Spatial Modeling of Land Use, Climate, and Environmental Consequences

Science Center Objects

USGS scientists have a long tradition of providing high-quality, consistent, and relevant land-cover data for the United States, using our archive of current and historical remote sensing data.  Scientists at USGS EROS are using their experience in mapping land cover and their knowledge of land-cover change processes to temporally extend these databases beyond the dates of available remote sensing data. Using the EROS FOREcasting SCEnarios of Land-Cover (FORE-SCE) model, EROS scientists are modeling land-cover change both into the future, using scenario-based modeling approaches, and for "backcasting" land cover for historical periods. Modeled land-cover data, in combination with remote-sensing based land cover for historical and current time periods, are being used to assess the interactions among land use and climate with a variety of ecologically and societally relevant processes.

Statement of Problem: Land-use and land-cover modeling is a critical component for analysis and potential mitigation of the consequences of landscape change on ecological processes.  Land managers and researchers require spatially and thematically consistent land-cover data to assess historical, current, and potential future interactions among land use, climate, and a host of ecologically and societally relevant processes. USGS provides historical and current land cover based on remote sensing databases, but only for a relatively short historical time period. Methodologies are needed to produce both historical and potential future land-cover maps that are consistent with remote sensing-based maps, facilitating long-term assessments of landscape, climate, and ecological interactions.

Why this Research is Important: Urban development, forestry, agriculture, mining, and other land uses can substantially alter the Earth's surface. Land use and the resultant change in land cover have important effects on ecological systems and processes. The use of current land-cover maps enables researchers and land managers to assess recent conditions and respond accordingly, based upon research and land management objectives. However, the availability of long-term historical land cover data and potential future land cover data enables researchers and land managers to move beyond a reactionary approach to an anticipatory approach. Historical records can be used to develop likely relationships between landscape change and the process of interest. That information can be used in conjunction with future scenarios of landscape change to visualize future outcomes and maximize societal, economic, or ecologic priorities, and to potentially mitigate any negative consequences before they even occur.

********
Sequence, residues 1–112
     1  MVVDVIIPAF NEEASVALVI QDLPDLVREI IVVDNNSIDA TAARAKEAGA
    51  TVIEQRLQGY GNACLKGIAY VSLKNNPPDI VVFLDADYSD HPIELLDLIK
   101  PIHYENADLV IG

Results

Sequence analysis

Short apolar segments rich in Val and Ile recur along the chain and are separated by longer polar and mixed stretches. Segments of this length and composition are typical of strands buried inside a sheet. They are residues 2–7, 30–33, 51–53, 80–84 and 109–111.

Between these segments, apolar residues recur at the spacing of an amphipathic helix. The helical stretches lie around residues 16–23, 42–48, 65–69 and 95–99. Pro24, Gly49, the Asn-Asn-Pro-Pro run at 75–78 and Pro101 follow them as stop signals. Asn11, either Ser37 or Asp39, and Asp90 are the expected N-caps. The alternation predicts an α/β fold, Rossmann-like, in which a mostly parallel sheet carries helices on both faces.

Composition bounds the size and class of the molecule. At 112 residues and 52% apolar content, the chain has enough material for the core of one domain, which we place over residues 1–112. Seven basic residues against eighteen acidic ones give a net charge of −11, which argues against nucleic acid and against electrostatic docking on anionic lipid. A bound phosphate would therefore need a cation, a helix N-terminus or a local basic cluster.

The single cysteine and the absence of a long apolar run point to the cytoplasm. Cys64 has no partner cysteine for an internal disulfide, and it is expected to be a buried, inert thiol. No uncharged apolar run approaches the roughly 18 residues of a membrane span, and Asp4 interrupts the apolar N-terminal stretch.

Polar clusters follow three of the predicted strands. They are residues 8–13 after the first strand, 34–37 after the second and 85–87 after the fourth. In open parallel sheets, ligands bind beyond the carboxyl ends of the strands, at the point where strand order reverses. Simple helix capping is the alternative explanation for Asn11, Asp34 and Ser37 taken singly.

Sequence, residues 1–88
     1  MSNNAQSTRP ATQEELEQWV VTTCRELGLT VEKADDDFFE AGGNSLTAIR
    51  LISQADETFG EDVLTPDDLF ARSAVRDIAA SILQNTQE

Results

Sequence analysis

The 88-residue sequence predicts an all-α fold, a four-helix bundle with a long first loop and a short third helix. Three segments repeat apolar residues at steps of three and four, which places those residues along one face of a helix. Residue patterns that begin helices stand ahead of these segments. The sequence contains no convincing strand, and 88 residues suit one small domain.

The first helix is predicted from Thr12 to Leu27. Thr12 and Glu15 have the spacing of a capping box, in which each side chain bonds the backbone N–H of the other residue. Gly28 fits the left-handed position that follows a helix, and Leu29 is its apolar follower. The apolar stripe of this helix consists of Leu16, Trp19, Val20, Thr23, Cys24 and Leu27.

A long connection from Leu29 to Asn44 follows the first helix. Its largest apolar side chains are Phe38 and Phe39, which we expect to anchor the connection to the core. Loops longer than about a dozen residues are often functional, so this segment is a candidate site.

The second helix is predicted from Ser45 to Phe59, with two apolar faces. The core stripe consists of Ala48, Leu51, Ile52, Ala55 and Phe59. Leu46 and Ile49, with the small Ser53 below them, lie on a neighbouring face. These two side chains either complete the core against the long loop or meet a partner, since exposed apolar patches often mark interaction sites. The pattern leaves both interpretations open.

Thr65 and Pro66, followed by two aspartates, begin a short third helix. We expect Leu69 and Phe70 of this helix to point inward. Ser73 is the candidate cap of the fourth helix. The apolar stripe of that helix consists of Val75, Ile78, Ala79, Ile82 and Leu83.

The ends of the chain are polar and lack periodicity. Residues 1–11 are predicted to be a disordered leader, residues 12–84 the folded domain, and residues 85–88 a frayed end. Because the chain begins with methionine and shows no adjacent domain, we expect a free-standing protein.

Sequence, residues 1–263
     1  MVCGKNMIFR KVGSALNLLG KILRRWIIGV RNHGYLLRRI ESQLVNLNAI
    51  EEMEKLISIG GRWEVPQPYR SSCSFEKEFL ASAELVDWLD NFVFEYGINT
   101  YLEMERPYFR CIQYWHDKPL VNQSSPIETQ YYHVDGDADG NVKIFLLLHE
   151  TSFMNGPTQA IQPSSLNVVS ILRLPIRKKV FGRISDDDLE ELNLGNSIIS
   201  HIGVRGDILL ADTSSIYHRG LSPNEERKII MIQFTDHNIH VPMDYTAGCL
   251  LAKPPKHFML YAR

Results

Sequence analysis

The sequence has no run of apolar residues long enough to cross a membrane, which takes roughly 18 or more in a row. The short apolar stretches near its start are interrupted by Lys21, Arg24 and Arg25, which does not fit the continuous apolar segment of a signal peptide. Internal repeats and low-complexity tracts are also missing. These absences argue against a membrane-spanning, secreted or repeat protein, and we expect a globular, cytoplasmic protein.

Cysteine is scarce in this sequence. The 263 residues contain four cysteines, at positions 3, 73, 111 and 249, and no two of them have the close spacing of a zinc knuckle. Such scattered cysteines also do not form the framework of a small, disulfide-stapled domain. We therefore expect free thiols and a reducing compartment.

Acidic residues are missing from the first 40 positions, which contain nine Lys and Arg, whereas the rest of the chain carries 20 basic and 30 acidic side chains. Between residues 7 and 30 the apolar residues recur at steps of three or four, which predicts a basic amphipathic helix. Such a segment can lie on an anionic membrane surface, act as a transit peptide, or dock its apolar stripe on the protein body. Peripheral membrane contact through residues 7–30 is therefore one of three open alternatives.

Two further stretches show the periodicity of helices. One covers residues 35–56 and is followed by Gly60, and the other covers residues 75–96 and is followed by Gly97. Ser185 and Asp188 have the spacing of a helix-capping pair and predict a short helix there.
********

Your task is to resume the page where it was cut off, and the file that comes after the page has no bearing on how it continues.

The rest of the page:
Objective(s): The objectives of this research are to develop state-of-the-art landscape modeling frameworks and apply them to problems of ecological, economic, and societal importance. We will:

  • Continue development of the USGS's "FORE-SCE" model
  • Investigate new modeling techniques, including continued improvements in our methodologies for mapping vegetation succession, fire and disturbance, and landscape response to climate change.
  • Apply USGS land-cover models to produce spatially explicit, thematically detailed landscape maps / models that are consistent with widely used remote sensing-based land-cover data such as the National Land Cover Database (NLCD) or the Cropland Data Layer (CDL).
  • Collaborate with USGS and other researchers on analyses of land-use and land-cover change effects on ecological and societal processes.

Methods: USGS EROS began development of a home-grown land-use and land-cover modeling framework in 2006.  Work continues to improve the capabilities of the Forecasting Scenarios of Land-use Change (FORE-SCE) model, a model which has gained acceptance in the scientific literature, and has been applied in the United States to produce both historical "backcasts" and future forecasts of land-use and land-cover change. Our work focuses on the continued development of the FORE-SCE modeling framework, the integration of other modeling frameworks, and the development of new modeling frameworks that improve USGS' ability to map and model land-use and land-cover change. 

Remote sensing provides an integral source of data for landscape modeling. Historical and current landscape information is used for scenario construction, model parameterization, and validation of model performance.  However, land-cover modeling is inherently an interdisciplinary activity. We rely on elements of socioeconomics, geography, hydrology, climate, and other disciplines to both ensure the production of realistic and useful landscape projections, and in the application of the resultant modeled projections to address issues of societal importance. Because of the high level of uncertainty associated with predicting future developments in complex socio-environmental systems, a scenario framework is used that enables land managers to anticipate and adapt to a wide range of plausible future conditions.